4ir-helps-ksa-become-a-global-hub-for-new-drone-technology

4IR helps KSA become a global hub for new drone technology

4IR helps KSA become a global hub for new drone technology

70 opportunities for the Kingdom to apply 4IR: artificial intelligence (AI), the Internet of Things (IoT), blockchain, government data systems, and smart cities such as NEOM

Saudi Arabia has the potential to become a global center for new drone technology under plans being undertaken by the recently launched Fourth Industrial Revolution Center (4IR) in Riyadh in partnership with the World Economic Forum (WEF).

The center’s director, Mansour Alsaleh, told Arab News that heavy-duty drone technology had been prioritized by the Kingdom as one of the 4IR projects. “Saudi Arabia has the potential to become a leading country in developing a regulatory framework for heavy-duty drones. It can stay ahead of the rest of the world,” he said.

Heavylift drone technology is at a stage that requires more sophisticated regulatory frameworks, not only in the Kingdom but globally, these are the General Authority of Civil Aviation, Saudi Arabia, the Ministry of Transport, and Saudi Aramco. “The applications are endless,” says Alsaleh.

Advanced drones are being used to provide vaccines in Africa during the pandemic process, and American drone makers are accelerating efforts to transport heavy cargo (up to 500 kg, depending on technology) to inaccessible locations increase. Improving the Kingdom’s logistical infrastructure has been identified as a priority area of ​​the Vision 2030 strategy, and drones are seen as a major means of strengthening existing transportation systems.

“By integrating these two mutually supportive elements of regulatory reform and pilot testing, Saudi Arabia can become a model for other parts of the world while supporting its own industrial development and social goals. “WEF is co-authored by Arsale.

Alsaleh has identified 70 opportunities for the Kingdom to apply 4IR technology: artificial intelligence (AI), the Internet of Things (IoT), blockchain, government data systems, and “smart cities such as NEOM.”

Each potential project went through four stages, he explained: Framework development in collaboration with other stakeholders. Prototyping and testing. Scale-up within the regulatory framework.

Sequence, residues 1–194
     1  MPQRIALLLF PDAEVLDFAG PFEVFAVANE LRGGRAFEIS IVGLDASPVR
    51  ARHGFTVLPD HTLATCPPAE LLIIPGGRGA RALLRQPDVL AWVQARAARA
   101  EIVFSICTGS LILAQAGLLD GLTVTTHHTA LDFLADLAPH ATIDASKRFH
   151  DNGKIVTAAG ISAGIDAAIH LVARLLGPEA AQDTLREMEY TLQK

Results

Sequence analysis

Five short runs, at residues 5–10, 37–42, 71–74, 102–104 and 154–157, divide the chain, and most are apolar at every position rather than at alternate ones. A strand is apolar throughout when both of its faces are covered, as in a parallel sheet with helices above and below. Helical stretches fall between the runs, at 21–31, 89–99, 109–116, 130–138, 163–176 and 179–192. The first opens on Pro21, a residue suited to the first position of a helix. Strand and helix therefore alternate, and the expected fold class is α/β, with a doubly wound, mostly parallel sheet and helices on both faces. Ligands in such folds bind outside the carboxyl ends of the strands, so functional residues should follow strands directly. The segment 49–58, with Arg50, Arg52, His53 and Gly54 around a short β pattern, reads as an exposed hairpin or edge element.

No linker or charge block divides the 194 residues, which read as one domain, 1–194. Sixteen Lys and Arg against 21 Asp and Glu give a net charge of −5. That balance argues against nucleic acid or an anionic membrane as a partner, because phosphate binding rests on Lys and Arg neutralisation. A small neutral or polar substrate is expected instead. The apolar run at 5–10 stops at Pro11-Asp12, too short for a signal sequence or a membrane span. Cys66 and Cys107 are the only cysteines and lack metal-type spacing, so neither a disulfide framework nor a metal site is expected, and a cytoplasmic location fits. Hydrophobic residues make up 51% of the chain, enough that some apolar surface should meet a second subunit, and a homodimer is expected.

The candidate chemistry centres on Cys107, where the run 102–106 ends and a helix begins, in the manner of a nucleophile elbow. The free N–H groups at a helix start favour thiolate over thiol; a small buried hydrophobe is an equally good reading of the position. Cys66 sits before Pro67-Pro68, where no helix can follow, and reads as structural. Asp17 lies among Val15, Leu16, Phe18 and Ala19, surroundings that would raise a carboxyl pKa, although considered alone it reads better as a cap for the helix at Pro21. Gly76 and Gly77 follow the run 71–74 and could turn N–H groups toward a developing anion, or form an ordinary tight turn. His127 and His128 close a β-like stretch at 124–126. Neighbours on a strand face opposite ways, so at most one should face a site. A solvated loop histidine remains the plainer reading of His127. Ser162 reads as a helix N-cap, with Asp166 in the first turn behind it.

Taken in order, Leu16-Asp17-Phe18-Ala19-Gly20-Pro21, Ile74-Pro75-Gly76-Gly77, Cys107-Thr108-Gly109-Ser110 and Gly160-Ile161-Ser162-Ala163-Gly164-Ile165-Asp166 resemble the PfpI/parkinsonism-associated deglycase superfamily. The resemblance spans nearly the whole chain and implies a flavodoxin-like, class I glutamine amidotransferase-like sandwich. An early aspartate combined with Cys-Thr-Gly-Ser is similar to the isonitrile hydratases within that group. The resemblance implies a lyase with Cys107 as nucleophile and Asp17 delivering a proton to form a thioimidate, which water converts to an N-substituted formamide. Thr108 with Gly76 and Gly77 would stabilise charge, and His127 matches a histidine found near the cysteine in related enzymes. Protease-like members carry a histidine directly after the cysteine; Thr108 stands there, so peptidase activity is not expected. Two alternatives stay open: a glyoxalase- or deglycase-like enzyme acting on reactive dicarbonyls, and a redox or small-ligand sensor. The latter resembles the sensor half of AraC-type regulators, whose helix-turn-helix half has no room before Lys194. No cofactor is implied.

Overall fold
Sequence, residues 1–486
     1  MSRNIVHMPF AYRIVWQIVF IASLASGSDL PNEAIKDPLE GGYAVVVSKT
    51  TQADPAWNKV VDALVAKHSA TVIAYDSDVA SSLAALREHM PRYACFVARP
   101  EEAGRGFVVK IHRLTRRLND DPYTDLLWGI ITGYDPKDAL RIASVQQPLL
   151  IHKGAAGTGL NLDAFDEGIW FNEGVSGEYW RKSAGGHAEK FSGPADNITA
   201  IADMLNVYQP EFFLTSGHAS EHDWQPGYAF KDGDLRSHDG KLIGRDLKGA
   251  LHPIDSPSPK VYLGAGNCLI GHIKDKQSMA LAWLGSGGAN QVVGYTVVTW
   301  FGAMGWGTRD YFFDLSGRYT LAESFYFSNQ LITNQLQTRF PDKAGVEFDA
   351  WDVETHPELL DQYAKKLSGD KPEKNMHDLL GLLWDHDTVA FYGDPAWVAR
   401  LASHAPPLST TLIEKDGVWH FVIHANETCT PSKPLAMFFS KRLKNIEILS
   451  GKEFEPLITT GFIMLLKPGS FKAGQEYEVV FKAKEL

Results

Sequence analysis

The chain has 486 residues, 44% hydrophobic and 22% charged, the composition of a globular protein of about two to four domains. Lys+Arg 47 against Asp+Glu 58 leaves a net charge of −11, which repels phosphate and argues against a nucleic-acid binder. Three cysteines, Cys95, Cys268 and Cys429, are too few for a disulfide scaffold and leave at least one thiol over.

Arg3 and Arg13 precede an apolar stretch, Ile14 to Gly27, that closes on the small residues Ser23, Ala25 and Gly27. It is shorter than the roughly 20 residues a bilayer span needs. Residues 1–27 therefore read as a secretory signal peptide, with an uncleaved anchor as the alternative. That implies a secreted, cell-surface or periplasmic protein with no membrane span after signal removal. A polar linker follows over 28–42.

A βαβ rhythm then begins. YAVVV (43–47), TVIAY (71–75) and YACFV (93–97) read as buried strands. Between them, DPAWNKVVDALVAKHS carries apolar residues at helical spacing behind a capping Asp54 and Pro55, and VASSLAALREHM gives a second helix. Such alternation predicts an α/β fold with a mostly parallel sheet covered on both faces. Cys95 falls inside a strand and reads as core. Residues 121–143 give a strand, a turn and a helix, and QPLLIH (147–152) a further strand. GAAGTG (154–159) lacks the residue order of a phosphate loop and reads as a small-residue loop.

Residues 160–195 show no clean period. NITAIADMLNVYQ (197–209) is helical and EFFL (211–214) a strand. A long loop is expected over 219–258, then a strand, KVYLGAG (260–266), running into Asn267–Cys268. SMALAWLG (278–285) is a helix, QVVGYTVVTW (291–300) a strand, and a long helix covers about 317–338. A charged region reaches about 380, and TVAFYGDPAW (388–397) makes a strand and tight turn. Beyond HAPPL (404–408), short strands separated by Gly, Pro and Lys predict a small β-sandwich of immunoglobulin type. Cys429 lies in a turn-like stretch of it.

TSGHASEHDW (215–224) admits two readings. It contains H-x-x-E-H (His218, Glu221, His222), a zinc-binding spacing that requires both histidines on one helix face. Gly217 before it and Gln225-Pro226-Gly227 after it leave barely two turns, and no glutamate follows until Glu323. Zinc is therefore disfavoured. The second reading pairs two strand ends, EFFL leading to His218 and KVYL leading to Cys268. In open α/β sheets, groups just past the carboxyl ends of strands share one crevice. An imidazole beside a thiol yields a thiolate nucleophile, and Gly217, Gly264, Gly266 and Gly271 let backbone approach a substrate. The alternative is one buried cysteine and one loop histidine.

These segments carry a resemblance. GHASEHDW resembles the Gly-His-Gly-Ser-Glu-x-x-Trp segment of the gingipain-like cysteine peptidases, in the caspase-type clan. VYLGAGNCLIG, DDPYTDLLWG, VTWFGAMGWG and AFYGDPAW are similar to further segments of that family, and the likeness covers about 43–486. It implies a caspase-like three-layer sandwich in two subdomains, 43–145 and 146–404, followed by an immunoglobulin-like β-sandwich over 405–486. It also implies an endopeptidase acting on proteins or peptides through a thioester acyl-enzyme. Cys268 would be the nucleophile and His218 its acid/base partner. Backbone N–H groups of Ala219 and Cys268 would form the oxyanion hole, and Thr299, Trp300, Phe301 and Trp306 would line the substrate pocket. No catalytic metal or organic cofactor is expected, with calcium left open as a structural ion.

At a recent two-day event from Riyadh to celebrate the opening of the 4IR Center, many speakers emphasized the need for partnerships between the government and other parts of the economy and society. Arsale strengthened that view. “We are looking for an ecosystem that involves the public and regulatory sectors in addition to private industry, research, and academia, which is the right blending of these areas,” he said.

One of the challenges was to identify the technology early and develop it further through the “sandboxing” and testing phases, even if the regulatory framework was fully developed. “Sometimes you just have to take risks,” he said. Some experts have warned of challenges related to rapid technology development, such as vulnerability to cyber-attacks and concerns about data privacy, but Alsaleh is confident that these issues can be resolved and overcome. Was there.

“There is no single recipe to solve these challenges. We need to tackle them one by one. But if we focus more on the benefits of 4IR technology, we can overcome them. It helps. We need to minimize the risks of emerging technologies, “he says.

According to Arsale, the impact of 4IR technology extends to all aspects of human social and economic activity. “You can’t limit yourself to a particular sector. It’s everywhere. If you’re not keeping up with the pace and you’re an early adopter, you’re lagging behind,” he explained, with the “exploration” phase of the 4IR project. He emphasized the need to balance the “utilization” phase. But he said that IoT and AI technologies have great market value and can be used in several different applications. “You never know what will shape the future,” he said.

There were also important areas where 4IR technology could be used in climate change campaigns. “We have a circular carbon economy initiative. To achieve the transition to clean energy, 4IR needs to be at the center of it,” Alsaleh said.

Advanced technology is essential to tackle the major problems posed by the pandemic, and some changes, such as remote work via virtual communication systems, could become a permanent feature of the post-pandemic world. I have.

Saudi Arabia is one of the 13 centers of 4IR around the world, and Alsaleh said its benefits will impact the world.

4IR helps KSA become a global hub for new drone technology

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